Their 2, square kilometer homeland is located in northern Ghana. The people are farmers who harvest millet, guinea corn, beans, and other crops. TheyFile Size: KB. migration, remittances and intra-household allocation in northern ghana: does gender matter.
september lynda joyce pickbourn, b.a., university of ghana m.a., university of massachusetts, amherst ph.d., university of massachusetts, amherst directed by: professor james k. Figure 3: Inter-regional migration in Ghana Source: Calculated from Ghana Statistical Service (a).
Net flows of less t people are excluded from the figure. Map by Kees van der Geest. Dagara Migration The Dagara migration system is part of a larger pattern of North-South migration in Ghana (see Figure 3).File Size: 1MB.
Frafra Populationin Ghana ( L. Vanderaa CRC) includingin the Upper East Region, perhapsin various towns and cities in other regions ( SIL).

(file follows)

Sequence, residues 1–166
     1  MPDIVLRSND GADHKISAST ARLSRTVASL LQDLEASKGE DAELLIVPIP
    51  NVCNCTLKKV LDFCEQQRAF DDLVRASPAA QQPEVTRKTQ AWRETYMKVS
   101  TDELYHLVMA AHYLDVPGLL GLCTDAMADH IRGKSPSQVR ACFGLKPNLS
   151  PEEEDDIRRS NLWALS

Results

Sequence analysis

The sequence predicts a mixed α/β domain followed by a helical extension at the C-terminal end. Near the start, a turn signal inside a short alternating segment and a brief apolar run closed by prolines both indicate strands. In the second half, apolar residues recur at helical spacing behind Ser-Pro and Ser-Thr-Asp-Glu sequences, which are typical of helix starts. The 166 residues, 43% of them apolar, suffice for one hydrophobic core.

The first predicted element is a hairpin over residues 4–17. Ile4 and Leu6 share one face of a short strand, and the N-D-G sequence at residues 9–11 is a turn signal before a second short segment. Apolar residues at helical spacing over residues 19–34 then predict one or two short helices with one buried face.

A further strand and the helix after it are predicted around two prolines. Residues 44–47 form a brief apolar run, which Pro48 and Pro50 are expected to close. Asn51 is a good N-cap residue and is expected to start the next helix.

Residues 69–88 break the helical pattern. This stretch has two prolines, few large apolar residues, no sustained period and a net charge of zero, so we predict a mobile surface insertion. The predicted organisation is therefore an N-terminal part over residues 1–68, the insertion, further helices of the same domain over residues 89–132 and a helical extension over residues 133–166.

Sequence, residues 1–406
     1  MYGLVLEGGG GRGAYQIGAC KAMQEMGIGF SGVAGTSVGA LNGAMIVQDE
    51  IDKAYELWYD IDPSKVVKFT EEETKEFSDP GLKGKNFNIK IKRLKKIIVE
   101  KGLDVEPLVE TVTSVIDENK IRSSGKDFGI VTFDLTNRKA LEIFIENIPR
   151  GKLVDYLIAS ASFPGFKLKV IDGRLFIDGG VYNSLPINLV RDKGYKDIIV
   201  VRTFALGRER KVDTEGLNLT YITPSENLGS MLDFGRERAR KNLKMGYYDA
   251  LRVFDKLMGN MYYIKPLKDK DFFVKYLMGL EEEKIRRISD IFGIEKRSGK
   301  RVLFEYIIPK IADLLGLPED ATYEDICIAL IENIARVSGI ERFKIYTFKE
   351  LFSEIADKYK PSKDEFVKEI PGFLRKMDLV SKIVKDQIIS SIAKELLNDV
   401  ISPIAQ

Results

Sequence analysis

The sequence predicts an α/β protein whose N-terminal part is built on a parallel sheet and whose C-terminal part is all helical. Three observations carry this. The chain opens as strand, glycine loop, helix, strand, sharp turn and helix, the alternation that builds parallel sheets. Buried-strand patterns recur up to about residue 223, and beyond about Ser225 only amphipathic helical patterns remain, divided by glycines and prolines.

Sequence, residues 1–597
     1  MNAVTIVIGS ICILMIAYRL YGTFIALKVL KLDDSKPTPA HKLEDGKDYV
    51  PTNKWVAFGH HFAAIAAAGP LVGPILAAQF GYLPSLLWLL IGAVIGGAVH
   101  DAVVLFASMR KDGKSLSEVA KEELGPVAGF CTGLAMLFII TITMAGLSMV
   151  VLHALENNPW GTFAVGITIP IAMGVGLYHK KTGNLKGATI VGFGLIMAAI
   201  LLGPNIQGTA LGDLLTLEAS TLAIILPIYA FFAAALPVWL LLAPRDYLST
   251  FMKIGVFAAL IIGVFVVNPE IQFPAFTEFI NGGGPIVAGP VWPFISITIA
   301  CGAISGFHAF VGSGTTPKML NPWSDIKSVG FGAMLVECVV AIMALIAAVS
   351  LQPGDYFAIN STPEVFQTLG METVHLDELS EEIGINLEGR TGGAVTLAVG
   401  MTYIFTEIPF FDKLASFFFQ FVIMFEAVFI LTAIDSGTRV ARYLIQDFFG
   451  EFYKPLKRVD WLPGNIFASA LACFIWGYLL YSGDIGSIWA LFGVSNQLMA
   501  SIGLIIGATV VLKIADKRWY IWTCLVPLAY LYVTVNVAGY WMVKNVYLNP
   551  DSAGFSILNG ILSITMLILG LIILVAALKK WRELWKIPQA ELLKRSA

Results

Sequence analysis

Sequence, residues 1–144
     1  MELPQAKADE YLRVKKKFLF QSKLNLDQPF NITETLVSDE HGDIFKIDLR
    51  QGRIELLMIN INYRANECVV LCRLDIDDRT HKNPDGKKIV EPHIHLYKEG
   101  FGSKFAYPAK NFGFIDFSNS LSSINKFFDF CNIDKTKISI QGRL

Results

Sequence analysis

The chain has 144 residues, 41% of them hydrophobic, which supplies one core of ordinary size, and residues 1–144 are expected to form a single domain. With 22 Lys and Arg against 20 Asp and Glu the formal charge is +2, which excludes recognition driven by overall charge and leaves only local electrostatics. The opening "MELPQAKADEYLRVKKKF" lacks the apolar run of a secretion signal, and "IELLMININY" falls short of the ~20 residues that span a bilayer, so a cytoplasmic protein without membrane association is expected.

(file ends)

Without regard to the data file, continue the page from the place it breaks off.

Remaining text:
Strangers and Traders: Yoruba Migrants, Markets and the State in Northern Ghana Jeremy farm father Frafra friends Ghanaian Gold Coast Gonja Hausa home town Ibadan Igbetti Igboho Ilesha Ilorin Ilu Pejo important involved Isale Iyanda junior brother junior relatives Kumasi labour Lasisi Lebanese lorry Luke marriage married migration to Ghana.
One consequence of this migration is the increasing level of urbanisation resulting in Ghana having just over half (51%) of the population living in urban areas 1.
Ghanaian migration has increasingly become extra-regional. Although the majority of Ghanaian emigrants still stay within West Africa, a growing proportion is migrating to a diverse range of countries outside the region. According to estimates, Ghanaian migrants can be found in more than 33 countries around the world.